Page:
The recent discovery of StuxNET and Flame malware targeting Iranian entities in 2012 has sparked a heated debate about the direction of cyberwarfare in the coming years. Late last year Iran was believed to have initiated a swarm of cyberattacks towards US banking websites, adding fuel to the fire.
So far, the implications have been mild. Experts believe, however, that 2013 will see serious activity on the cyber espionage front. It has been reported that local and federal-level agencies are actively searching to grow their ‘arsenal’, so to speak. McAfee’s recent report echoes the sentiment that Nation States and Armies will become more frequent targets this year as well. You’ve even heard President Obama’s administration approach the subject outwardly with last year’s Cyber Intelligence Sharing and Protection Act.
As McAfee research put it:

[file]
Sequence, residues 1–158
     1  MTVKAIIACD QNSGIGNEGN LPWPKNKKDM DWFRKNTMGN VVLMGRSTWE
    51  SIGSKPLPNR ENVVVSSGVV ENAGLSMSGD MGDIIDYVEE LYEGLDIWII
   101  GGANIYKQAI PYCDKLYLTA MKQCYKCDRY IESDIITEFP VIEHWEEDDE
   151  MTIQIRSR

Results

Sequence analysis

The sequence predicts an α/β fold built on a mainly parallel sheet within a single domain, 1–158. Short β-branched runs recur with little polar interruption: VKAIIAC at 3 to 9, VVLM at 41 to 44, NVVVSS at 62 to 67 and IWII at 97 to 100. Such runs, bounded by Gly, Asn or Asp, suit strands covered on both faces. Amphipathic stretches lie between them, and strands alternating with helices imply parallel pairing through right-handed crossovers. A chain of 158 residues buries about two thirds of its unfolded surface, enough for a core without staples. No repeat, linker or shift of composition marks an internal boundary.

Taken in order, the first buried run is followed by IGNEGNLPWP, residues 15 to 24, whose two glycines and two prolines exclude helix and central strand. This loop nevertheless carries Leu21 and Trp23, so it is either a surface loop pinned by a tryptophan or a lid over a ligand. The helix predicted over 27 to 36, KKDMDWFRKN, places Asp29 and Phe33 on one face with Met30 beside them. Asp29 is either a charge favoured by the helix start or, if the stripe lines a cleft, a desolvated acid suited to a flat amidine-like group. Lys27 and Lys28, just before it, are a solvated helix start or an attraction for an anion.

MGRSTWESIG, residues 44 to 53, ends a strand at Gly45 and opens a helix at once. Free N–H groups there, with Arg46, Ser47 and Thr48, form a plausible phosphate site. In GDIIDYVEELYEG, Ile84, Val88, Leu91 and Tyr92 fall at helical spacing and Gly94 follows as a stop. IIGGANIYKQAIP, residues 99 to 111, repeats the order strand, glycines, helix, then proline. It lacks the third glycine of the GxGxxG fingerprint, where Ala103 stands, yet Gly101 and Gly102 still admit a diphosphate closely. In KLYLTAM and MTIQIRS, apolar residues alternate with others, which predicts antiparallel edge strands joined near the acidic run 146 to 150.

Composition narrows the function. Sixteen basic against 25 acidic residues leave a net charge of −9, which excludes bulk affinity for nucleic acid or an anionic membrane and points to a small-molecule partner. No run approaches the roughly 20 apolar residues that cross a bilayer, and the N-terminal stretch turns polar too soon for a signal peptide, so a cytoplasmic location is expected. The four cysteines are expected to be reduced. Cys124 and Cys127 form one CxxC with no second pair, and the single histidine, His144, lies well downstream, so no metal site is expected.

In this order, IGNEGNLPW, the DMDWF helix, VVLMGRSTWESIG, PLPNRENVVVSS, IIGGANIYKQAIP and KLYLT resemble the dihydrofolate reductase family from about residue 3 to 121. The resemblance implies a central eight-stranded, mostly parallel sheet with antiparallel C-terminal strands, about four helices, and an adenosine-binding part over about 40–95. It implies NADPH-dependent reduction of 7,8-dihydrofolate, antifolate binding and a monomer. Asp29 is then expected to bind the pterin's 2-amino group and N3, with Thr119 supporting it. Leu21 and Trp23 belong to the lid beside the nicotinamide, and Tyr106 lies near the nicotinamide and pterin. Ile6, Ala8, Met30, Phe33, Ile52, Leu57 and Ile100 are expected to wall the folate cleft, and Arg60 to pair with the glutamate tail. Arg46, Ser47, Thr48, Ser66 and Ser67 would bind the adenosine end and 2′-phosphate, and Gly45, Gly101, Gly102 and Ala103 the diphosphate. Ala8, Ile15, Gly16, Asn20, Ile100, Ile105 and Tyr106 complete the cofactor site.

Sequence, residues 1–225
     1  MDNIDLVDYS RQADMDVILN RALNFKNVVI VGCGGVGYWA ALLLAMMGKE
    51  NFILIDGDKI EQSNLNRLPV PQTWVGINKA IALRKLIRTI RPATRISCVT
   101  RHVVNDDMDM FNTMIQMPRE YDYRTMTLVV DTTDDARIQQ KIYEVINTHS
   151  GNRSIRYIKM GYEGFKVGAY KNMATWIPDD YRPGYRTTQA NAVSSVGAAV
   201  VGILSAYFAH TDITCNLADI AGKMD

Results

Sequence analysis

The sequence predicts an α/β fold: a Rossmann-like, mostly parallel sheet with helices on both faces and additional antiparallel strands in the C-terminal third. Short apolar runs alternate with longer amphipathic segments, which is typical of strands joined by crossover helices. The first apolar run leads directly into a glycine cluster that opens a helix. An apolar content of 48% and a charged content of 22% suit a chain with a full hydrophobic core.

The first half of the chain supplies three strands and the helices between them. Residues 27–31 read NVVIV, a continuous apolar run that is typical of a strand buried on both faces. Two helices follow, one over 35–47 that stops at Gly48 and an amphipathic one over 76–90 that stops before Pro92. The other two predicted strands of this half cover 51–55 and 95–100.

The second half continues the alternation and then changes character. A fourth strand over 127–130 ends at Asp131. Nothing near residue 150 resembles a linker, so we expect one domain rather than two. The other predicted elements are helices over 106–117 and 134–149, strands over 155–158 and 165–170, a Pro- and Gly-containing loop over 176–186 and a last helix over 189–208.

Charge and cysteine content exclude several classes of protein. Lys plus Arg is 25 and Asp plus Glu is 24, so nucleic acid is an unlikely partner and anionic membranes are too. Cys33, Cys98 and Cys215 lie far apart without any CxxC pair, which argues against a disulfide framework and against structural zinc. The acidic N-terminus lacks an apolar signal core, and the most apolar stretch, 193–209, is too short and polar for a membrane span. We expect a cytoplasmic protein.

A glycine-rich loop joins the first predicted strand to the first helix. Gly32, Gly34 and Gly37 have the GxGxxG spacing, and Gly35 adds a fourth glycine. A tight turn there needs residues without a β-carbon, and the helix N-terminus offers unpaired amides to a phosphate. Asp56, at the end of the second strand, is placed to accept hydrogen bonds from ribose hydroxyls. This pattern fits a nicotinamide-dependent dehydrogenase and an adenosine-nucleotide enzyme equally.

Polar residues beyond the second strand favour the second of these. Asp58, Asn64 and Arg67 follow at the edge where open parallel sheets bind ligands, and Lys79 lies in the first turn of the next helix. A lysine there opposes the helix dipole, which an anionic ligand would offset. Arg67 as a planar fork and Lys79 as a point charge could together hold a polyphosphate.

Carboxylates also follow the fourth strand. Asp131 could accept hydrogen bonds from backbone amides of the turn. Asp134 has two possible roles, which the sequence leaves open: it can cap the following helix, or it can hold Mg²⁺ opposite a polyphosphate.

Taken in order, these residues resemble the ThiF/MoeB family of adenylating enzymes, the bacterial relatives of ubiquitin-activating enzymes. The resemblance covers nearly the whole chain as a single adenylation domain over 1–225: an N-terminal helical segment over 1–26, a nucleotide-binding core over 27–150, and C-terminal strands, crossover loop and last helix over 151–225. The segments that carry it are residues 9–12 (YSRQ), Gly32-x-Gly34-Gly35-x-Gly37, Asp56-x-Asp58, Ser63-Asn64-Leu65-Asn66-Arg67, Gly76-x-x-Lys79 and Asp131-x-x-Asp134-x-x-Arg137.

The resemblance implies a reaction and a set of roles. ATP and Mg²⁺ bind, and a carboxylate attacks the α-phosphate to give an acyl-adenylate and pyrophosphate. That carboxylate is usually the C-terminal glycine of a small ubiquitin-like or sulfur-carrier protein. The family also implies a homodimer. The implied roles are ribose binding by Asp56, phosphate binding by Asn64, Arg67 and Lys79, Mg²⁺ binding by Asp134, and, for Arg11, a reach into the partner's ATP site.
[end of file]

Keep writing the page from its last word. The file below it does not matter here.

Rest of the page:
“Recently, we have seen several attacks in which the only goal was to cause as much damage as possible; we expect this malicious behavior to grow in 2013, …The worrying fact is that companies appear to be rather vulnerable to such attacks.”
The key thing to remember when dealing with infrastructure attacks and security in general is that ‘persistent threats’ are being used– ever evolving, updating routines that require certain lengths of time to eventually compromise a system, if a direct attack fails. A window of opportunity is evident, and one should try to close that window with better defenses and proactive judgement with your devices.